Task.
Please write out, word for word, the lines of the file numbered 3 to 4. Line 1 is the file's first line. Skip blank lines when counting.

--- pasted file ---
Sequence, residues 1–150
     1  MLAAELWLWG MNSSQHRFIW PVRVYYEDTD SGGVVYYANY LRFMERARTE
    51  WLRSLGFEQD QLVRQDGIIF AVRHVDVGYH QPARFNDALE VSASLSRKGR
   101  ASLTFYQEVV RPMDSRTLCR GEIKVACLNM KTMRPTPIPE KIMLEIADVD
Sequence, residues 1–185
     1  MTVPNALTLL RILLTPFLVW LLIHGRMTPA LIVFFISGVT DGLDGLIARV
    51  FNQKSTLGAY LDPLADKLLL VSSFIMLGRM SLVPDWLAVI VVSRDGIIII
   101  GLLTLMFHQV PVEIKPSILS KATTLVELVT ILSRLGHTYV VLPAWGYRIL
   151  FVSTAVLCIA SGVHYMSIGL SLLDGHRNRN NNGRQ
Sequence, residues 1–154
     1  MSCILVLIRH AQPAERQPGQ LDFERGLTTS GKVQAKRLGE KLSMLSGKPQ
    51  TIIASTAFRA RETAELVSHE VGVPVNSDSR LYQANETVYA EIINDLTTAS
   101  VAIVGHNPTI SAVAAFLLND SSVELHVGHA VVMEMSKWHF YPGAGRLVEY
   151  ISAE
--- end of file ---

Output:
    51  WLRSLGFEQD QLVRQDGIIF AVRHVDVGYH QPARFNDALE VSASLSRKGR
   101  ASLTFYQEVV RPMDSRTLCR GEIKVACLNM KTMRPTPIPE KIMLEIADVD